Reviewing: Will My Cat Eat My Eyeballs? : Big questions from tiny mortals about death by Caitlin Doughty

Content Warnings: Deals with death and dying, some elements may make readers squeamish.

My Rating: 5 books out of 5

Highlights:

  • For a book about dying this thing cracked me up.
  • Shout out to morticians this sounds like one hard job.
  • I really like the idea of being a form of space navigation one day.
  • Doughty mixes facts and fun very well especially given the subject matter.

“We can’t make death fun, but we can make learning about it fun. Death is science and history, art and literature. It bridges every culture and unites the whole of humanity!”

WE’RE ALL GOING TO DIE.

Right, now that’s out of the way, let’s move on to the book review. 

Caitlin Doughty is a funeral director who gets a lot of questions about death – especially from children. Will My Cat Eat My Eyeballs – subtitled ‘Big Questions from Tiny Mortals About Death’ – answers a few of these questions in a manner that perfectly balances light-hearted humour with truthful and honest accounts about difficult subjects. What happens if you die in space? Are Viking funerals a thing? Can you keep a friend’s skull after they die? 

Honestly I didn’t know what to expect from this book. Light hearted and death don’t tend to be sentiments that go hand in hand, an dI have to admit that there were a few moments reading this that the EXISTENTIAL DREAD ratcheted up a few notches, but it also made me consider things in quite a different light. I love learning, and this book is both incredibly informative and fun to read. I never thought I’d be sat at work thinking ‘boy I can’t wait to read more of that library book on death tonight’ but it seems this is just where my life has ended up and I’m okay with that. In many ways this book was actually quite comforting to read, taking something so taboo and unapproachable in everyday life and discussing it so candidly – and this is a book that while written in response to children’s questions, more than holds its weight as an adult read.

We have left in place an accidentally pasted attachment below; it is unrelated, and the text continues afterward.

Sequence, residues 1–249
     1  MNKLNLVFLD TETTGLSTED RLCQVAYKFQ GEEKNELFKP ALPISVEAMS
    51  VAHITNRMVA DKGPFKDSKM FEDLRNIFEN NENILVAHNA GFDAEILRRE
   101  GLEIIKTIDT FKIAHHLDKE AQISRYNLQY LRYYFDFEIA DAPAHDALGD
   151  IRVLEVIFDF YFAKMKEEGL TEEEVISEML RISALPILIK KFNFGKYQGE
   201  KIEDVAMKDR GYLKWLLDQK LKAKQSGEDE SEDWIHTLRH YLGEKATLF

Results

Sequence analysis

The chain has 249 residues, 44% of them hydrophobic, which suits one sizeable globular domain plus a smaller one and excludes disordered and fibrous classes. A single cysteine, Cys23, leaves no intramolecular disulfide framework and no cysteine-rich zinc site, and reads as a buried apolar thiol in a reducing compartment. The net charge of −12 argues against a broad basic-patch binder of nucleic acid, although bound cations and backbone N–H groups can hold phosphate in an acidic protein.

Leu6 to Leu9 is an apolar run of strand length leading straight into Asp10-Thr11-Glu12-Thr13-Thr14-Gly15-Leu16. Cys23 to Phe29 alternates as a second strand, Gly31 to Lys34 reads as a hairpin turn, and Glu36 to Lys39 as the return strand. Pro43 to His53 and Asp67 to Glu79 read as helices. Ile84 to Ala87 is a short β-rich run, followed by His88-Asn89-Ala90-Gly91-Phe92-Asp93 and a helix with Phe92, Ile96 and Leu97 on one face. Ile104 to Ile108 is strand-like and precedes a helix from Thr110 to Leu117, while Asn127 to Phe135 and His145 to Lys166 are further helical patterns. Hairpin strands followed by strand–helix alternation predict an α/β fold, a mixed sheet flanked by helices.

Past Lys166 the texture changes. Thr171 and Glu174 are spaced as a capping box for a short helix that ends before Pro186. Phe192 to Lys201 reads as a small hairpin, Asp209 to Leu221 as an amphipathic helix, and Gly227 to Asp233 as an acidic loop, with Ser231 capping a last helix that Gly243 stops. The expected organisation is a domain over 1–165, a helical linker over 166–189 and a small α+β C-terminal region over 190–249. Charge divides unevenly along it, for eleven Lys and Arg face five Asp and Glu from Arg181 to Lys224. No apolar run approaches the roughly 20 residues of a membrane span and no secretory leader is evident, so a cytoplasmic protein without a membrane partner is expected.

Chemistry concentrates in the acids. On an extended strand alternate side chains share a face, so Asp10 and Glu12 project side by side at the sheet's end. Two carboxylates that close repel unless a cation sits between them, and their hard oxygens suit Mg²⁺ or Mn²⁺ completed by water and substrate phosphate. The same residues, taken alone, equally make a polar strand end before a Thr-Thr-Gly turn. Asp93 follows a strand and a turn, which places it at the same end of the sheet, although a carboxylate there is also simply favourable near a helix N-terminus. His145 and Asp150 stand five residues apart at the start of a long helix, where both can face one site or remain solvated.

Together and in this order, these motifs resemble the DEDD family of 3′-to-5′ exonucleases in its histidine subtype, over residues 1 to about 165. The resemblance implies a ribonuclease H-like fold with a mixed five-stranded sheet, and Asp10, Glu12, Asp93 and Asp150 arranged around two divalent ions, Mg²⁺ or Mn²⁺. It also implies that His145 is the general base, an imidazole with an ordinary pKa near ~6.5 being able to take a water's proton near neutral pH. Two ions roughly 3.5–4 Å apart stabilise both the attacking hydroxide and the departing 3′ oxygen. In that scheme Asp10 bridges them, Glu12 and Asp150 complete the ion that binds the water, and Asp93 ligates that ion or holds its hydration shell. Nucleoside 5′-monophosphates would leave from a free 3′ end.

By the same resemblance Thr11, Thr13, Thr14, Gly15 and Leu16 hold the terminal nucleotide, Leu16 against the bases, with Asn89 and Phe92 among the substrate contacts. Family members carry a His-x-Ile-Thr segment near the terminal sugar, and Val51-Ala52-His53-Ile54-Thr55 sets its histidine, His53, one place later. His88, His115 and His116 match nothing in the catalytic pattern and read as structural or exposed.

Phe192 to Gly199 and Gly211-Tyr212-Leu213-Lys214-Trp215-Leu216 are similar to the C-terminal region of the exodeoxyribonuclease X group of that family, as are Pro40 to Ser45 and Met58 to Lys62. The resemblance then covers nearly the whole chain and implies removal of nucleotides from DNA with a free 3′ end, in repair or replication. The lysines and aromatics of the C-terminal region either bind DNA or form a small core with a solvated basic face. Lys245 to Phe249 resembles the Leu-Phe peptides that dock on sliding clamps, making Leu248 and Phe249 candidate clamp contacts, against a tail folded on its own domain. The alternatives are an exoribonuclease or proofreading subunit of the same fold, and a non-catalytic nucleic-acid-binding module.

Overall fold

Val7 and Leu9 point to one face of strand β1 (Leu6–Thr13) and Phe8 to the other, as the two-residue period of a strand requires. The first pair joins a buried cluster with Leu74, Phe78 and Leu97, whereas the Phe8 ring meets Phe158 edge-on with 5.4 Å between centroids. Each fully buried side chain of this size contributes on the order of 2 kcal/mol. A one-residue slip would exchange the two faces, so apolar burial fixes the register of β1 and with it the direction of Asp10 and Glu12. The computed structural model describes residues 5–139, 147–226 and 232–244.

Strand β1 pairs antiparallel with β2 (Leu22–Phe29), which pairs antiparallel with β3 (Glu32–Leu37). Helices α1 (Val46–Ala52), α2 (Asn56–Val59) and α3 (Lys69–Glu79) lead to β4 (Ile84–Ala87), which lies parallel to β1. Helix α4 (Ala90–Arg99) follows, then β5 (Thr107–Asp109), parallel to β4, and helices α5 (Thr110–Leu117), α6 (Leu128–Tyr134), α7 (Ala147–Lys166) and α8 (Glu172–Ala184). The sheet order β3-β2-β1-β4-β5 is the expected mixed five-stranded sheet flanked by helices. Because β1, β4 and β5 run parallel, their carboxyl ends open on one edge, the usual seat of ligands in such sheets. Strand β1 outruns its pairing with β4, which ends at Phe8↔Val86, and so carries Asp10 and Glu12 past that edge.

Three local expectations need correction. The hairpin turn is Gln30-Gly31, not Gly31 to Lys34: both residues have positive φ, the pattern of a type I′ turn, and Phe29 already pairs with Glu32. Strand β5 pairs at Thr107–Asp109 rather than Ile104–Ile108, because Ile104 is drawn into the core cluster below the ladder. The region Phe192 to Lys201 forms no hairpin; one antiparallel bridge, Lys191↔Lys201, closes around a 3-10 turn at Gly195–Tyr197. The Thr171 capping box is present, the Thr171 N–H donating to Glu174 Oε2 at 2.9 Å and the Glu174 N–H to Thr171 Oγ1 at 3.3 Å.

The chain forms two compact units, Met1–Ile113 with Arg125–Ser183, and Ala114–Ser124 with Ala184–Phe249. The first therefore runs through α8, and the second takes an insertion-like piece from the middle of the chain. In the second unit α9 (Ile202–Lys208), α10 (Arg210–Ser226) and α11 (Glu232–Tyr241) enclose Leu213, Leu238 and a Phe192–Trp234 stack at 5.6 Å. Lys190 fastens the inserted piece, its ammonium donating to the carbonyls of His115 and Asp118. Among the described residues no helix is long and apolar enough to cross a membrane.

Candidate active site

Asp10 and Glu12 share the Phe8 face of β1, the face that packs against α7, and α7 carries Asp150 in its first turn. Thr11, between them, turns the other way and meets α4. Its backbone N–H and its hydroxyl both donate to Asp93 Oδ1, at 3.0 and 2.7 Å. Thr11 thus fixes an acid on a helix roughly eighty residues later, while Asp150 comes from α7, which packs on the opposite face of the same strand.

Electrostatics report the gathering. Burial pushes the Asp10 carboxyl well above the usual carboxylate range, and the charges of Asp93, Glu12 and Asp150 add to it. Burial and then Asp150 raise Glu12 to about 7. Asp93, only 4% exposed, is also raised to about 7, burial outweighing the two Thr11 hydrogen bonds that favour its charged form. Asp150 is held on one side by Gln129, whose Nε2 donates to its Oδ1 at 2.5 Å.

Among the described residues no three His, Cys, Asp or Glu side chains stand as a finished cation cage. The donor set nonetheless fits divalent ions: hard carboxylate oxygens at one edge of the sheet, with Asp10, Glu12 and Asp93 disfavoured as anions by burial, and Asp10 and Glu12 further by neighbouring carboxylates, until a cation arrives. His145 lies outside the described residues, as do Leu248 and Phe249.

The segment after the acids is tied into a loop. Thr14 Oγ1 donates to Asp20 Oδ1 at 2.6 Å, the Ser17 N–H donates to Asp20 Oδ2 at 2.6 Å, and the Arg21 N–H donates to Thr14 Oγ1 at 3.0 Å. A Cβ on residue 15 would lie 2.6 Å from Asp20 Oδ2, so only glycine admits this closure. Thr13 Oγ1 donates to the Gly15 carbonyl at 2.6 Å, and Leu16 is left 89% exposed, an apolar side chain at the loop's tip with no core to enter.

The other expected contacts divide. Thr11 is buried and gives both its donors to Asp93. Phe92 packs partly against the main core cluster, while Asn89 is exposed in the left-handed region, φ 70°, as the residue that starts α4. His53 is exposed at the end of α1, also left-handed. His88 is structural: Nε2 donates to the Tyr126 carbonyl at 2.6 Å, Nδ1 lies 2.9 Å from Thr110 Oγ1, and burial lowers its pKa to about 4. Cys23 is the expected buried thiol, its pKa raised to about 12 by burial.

Doughty doesn’t shy away from some of the more unpleasant aspects of her job, so if you’re particularly squeamish this may be a book to approach with caution in places, but nothing is excessive. Descriptions are there to teach, to dispel fears and myths about our entry into the great beyond. No, your face won’t stay like that if you pull a funny face when you die, yes you might poop when the inevitable finally occurs. But don’t worry, morticians are used to that. And if you’ve ever thought your job was bad, at least you never had to sit in a room of corpses watching to see if any of them aren’t actually dead. 

I really enjoyed this book, and I felt like I learned a lot and maybe made a move towards not being freaked out by death. I definitely want to read more of Doughty’s books, and recommend this to any readers with a taste for the macabre who either read plenty of nonfiction or want to give it a go! 

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